Thursday, October 26, 2006

Miss Manners in Space

Gizmodo compiled a list of tips on how to maintain proper decorum while floating in zero-G. The prescriptions, meant to maintain order and sanity while living inside cramp quarters, include things such as how to deal with mundane issues like nail clippings to more serious ones that involve carnal knowledge. The complete list can be found here.

Thursday, October 19, 2006

Darth Vader Claims Space

George W. Bush recently signed a document that effectively extends Pax Americana to outer space. The document, called National Space Policy, underlines the strategic importance of having access to space. It stated that the national security of the US "is critically dependent upon space capabilities, and this dependence will grow." Hence, the US will "preserve its rights, capabilities, and freedom of action in space... and deny, if necessary, adversaries the use of space capabilities hostile to US national interests."

Klingons, you have been warned.

The document can be downloaded here.

Tuesday, October 17, 2006

Simulation of Black Hole Collision


A time-lapse movie of an aurora.

Heaviest Element Created

It seems periodic tables need to be reprinted again.
Researchers from the Lawrence Livermore National Laboratory have created a new element.

Element 118 is touted to be the heaviest, yet a short-lived one, element created so far. The researchers were able to achieve the feat by using a cyclotron to bombard californium-249 with calcium ions. The three atoms created by the scientists lasted for less than 1/1000th of a second though.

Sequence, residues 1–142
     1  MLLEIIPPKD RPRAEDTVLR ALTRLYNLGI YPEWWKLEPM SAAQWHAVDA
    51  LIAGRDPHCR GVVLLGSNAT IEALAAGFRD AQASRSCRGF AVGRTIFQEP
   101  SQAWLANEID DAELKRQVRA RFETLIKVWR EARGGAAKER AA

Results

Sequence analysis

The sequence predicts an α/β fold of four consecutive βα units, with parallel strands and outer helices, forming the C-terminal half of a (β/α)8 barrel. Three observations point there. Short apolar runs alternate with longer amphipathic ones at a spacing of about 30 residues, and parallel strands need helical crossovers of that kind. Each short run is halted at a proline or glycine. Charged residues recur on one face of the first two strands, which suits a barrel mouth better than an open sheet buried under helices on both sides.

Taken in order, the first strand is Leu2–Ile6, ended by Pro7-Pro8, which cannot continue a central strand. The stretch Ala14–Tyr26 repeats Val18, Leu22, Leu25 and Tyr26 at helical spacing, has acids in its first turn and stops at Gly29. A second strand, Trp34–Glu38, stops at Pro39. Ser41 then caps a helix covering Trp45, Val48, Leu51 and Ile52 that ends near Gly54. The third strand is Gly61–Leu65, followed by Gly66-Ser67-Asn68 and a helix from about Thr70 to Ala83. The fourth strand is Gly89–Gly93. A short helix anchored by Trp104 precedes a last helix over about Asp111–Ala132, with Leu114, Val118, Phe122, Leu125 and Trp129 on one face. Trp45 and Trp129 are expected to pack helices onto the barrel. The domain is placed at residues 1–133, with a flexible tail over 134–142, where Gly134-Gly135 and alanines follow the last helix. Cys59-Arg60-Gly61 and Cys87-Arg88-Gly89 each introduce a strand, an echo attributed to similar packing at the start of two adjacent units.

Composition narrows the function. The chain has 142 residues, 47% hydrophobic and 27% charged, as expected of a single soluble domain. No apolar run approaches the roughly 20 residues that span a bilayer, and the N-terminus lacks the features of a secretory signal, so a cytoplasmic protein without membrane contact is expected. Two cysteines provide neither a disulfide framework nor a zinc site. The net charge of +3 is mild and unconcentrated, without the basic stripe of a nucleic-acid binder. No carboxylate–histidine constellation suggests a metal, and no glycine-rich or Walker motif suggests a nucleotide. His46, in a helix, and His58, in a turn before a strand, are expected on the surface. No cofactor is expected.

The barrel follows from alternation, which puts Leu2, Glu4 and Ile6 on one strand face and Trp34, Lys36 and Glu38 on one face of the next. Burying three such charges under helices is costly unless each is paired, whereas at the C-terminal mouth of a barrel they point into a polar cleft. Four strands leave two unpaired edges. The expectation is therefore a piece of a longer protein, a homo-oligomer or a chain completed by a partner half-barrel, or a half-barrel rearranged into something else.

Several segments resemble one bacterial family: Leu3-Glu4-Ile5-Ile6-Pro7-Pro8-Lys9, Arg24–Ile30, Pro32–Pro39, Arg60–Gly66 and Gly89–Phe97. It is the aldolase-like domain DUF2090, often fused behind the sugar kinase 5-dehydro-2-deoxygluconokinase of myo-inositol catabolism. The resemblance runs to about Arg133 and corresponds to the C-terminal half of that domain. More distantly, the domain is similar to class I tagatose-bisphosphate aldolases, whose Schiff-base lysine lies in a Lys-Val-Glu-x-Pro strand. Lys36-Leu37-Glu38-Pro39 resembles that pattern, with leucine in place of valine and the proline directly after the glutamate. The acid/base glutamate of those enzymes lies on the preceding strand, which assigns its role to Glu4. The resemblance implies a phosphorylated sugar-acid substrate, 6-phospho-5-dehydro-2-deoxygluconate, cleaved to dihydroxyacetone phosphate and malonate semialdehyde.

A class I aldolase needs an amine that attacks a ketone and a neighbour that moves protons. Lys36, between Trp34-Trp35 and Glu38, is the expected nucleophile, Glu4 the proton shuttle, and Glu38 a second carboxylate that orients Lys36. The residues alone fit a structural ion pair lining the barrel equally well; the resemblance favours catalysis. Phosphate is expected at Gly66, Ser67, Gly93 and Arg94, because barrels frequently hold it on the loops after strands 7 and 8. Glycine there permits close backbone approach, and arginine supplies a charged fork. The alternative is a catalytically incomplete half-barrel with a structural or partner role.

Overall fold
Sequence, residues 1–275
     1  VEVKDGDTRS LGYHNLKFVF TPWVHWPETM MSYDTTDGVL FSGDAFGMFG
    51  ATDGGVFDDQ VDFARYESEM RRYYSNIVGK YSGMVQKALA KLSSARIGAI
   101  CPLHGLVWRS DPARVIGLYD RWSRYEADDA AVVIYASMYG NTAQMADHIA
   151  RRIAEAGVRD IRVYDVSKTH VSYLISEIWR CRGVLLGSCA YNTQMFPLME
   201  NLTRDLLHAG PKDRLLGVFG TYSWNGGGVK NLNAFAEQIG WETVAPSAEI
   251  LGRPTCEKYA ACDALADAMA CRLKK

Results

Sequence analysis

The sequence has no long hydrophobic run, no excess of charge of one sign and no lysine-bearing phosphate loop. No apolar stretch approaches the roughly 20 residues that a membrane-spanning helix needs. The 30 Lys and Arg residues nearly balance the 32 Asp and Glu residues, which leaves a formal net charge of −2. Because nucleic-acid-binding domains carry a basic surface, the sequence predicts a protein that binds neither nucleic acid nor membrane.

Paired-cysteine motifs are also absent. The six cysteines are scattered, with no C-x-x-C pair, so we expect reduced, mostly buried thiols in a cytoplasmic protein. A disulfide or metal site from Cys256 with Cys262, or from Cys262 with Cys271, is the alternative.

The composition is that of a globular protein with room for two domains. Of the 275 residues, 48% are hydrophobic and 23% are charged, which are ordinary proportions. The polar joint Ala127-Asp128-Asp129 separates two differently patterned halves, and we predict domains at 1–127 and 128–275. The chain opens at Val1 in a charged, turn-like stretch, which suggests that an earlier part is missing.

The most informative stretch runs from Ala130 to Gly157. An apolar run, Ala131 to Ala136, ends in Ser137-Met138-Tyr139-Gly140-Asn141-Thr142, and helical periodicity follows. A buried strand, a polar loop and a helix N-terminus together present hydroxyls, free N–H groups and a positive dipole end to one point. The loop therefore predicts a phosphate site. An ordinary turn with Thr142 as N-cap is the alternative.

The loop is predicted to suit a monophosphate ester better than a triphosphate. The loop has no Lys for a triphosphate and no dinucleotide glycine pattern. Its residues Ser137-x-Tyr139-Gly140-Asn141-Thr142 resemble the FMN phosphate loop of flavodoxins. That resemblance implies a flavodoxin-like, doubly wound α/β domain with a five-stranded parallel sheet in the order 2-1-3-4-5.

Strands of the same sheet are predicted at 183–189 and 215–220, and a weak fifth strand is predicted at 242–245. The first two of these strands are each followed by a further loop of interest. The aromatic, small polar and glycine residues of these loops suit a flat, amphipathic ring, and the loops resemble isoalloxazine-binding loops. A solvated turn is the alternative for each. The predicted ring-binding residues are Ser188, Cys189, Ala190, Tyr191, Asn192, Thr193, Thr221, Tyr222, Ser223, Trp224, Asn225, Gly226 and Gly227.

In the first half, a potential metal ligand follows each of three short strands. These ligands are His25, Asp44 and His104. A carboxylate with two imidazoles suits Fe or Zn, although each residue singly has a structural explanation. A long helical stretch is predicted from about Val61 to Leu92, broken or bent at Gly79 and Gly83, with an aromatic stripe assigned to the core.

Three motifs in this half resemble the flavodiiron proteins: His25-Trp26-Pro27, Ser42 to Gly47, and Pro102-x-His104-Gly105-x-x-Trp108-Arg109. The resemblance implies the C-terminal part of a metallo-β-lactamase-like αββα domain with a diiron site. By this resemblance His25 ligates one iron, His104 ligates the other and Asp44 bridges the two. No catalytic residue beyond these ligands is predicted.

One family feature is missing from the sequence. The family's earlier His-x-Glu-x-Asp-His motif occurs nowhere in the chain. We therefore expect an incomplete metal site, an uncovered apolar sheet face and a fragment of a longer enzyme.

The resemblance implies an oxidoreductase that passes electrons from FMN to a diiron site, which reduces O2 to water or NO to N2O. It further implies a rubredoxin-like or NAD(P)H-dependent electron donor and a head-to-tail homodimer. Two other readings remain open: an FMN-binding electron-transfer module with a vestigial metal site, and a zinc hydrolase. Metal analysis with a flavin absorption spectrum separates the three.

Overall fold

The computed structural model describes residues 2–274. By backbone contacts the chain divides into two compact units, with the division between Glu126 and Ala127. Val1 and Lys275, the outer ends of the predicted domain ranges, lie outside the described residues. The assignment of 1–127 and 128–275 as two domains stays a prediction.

The new element has 118 protons and 179 neutrons in its nucleus, and has an atomic weight of 297.

Friday, October 06, 2006

AMD Names its Next-Gen Chips After Stars

Microprocessor company Advanced Micro Devices is naming its next-generation K8L microprocessors after stars. The 65-nm chips, slated to be released in 2007, will be named Antares, Altair, Arcturus, and Spica.

Tuesday, October 03, 2006

Big Bang Scientists Win Nobel Prize

John C. Mather and George F. Smoot, who studied and discovered the nature of blackbody radiation and contributed to the big bang theory, won the 2006 Nobel Prize for Physics. The studies of the two scientists were based from the data collected by the Cosmic Background Explorer (COBE).

The Nobel Prizes will be presented on December 10.

Monday, October 02, 2006

Virgin Galactic's SpaceShip Two Unveiled

Take a peek at Virgin Galactic's SpaceShip Two, which will begin commercial space flights in 2009.

Armstrong was Grammatically Correct After All

Grumpy grammarians can get off Neil Armstrong's back at last. A computer programmer who studied the audio recordings of the first moon landing and found that Armstrong did say the oft-quoted words - one small step for a man, one giant step for mankind - correctly. It was previously thought that Armstrong omitted the "a," earning him the ire of anal grammarians everywhere.

Spacewoman's Blog

It seems that blogging has already reached outer space. If you're interested to read the thoughts of Anousheh Ansari, the first Muslim woman in space, while she was galivanting in the International Space Station, you can read her blog here.

Up next would probably be the lonely missives of a stranded Martian marooned somewhere in Uranus.